• 0 Thanks
    jb1989
    • #6
    • 13th Sep 17, 3:42 PM
    • #6
    • 13th Sep 17, 3:42 PM
    Are you joint tenants or tenants in common? If TIC he can sell to whom he likes legally. If JT you both need to sell to a new buyer (could be yourself)
    Originally posted by Alter ego
    Can you explain the difference? We own the property 50/50. You'll have to excuse my naivety. We were both first time buyers.
    • jb1989
    • By jb1989 13th Sep 17, 3:44 PM
    • 23 Posts
    • 0 Thanks
    jb1989
    • #7
    • 13th Sep 17, 3:44 PM
    • #7
    • 13th Sep 17, 3:44 PM
    What does the Deed you set up when you bought say should happen in these circumstances? Or did you not look ahead when forking out £x00,000?

    How do we work out the price in which I would need to buy him out?
    Establish the market value in the usual way.

    My flatmate has asked/queried if its possible for him to sell his half of the property to another friend or family member at an increased value to what I would have to buy him out at?
    Provided you agree, why not? But you'll have to be happy co-owning with the 'friend', and this time I suggest you plan ahead and Execute a suitable Deed!

    If he would rather sell up am I obliged to sell even if I have the funds to buy him out at more than he would likely get when selling?
    If he's willing to sell to you and you are willing to buy, what's the problem?

    He's unlikely to find a buyer for his share other than you.....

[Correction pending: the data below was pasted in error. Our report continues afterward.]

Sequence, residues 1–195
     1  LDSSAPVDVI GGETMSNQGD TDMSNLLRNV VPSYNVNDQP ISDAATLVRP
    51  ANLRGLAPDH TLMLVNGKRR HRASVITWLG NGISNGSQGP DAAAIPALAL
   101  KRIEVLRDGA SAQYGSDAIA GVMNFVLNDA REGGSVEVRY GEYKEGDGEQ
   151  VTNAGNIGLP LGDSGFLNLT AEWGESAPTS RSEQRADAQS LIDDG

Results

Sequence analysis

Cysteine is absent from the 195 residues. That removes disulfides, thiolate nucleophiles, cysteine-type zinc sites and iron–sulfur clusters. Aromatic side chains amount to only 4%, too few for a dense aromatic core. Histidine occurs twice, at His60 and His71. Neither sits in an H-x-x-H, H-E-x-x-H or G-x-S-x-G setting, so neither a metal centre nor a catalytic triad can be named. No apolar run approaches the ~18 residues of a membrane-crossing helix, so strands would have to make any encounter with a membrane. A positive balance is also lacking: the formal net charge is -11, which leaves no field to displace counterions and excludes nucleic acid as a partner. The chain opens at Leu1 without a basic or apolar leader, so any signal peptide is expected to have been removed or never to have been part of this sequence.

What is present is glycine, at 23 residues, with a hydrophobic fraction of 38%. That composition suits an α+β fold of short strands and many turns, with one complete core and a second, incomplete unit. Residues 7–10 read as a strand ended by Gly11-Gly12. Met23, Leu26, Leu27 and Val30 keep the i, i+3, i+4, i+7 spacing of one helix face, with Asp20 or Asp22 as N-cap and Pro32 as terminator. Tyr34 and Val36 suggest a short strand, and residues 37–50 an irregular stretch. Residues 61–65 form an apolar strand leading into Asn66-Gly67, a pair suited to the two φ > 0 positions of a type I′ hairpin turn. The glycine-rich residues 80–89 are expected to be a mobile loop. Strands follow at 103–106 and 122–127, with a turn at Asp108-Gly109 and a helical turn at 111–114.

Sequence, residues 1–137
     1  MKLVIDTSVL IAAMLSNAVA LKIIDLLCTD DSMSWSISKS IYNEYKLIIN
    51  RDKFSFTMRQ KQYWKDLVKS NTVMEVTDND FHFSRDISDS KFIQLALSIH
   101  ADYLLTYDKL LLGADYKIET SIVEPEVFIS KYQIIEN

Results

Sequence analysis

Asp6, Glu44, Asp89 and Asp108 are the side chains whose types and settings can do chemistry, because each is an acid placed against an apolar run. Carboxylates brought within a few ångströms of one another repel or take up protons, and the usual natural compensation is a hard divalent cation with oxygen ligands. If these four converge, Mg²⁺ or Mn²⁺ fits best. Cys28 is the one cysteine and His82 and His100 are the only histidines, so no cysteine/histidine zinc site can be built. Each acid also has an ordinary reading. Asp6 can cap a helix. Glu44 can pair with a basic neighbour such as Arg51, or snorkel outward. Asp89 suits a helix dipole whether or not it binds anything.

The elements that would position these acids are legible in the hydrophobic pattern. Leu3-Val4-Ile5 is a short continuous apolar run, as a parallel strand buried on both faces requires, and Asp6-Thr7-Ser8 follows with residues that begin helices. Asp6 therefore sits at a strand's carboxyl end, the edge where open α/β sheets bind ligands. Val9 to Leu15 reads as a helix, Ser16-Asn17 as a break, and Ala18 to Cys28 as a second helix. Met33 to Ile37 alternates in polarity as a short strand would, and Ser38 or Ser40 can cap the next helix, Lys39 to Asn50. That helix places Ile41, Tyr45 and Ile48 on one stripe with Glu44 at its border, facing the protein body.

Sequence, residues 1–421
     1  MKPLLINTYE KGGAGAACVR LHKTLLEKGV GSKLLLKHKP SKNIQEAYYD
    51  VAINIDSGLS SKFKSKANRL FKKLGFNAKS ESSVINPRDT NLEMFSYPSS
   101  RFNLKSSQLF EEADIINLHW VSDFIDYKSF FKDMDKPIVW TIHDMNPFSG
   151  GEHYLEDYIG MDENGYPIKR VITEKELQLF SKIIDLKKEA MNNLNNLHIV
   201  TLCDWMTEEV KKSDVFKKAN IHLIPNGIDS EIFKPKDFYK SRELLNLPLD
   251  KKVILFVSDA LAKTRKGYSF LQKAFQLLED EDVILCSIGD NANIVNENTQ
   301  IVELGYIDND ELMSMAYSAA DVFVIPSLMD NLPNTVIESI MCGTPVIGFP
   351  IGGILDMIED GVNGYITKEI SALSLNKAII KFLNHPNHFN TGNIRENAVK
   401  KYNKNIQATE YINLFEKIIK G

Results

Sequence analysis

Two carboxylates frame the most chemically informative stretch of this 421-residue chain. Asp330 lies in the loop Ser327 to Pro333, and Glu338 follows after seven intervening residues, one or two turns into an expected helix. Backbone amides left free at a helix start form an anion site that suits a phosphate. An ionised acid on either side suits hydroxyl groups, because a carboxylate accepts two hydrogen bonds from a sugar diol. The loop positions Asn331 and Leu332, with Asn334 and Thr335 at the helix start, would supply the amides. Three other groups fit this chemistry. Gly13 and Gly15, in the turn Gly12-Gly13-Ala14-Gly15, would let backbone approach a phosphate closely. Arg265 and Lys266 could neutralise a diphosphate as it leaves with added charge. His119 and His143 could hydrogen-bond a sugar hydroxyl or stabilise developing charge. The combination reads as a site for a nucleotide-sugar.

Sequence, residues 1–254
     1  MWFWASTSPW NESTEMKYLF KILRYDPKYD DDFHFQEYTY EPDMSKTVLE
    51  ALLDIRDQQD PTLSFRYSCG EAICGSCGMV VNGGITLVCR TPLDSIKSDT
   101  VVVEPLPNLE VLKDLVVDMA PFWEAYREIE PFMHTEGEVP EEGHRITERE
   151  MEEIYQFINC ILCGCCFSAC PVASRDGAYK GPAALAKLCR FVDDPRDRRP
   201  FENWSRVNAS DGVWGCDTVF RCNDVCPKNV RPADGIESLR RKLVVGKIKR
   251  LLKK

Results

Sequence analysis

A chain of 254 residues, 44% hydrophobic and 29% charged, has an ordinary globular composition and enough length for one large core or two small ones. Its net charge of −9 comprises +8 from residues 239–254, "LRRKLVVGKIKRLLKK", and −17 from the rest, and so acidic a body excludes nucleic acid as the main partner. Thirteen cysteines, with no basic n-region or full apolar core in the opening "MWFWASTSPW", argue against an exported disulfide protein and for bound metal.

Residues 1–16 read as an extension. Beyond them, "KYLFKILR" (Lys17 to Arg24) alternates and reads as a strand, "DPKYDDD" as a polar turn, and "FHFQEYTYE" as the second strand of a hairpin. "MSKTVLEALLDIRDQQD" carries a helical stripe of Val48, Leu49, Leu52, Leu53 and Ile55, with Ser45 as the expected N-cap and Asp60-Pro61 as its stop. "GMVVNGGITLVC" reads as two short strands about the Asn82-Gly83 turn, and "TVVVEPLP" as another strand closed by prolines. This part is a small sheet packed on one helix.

and no one can buy his share without your consent.
    Originally posted by G_M
    He is stating that if he could gain more money by selling his half then he would turn down my offer to buy him out despite that being the correct amount he would walk away with if we were to sell. I.E. I don't want to share the property with someone else if I am in a position to buy him out.

    He wants to gain as much as he can as he would need a deposit with his girlfriend for a new property. I would obviously not want to pay him more than what was fair give or take a few hundred quid. The way I see it, he has moved the goal posts in terms of wanting to buy a new place with his girlfriend and I'd rather not get stuck living with someone else or having to pay a huge amount more than what he would get if we were to sell.
    • Chappers27
    • By Chappers27 13th Sep 17, 3:49 PM
    • 52 Posts
    • 56 Thanks
    Chappers27
    • #8
    • 13th Sep 17, 3:49 PM
    • #8
    • 13th Sep 17, 3:49 PM
    Whenever there is a remortgage there is consent to sell form to be filled out by people that live there. If he tries to sell it without your knowledge, youll be sent a consent to sell form - which you dont have to sign. When all is said and done, you need a conveyancer. Get one on a free consultation and explain the situation.

    Go to the Land Registry website and get the deeds. I think its less than £10 or something. Contact the mortgage company and tell them too.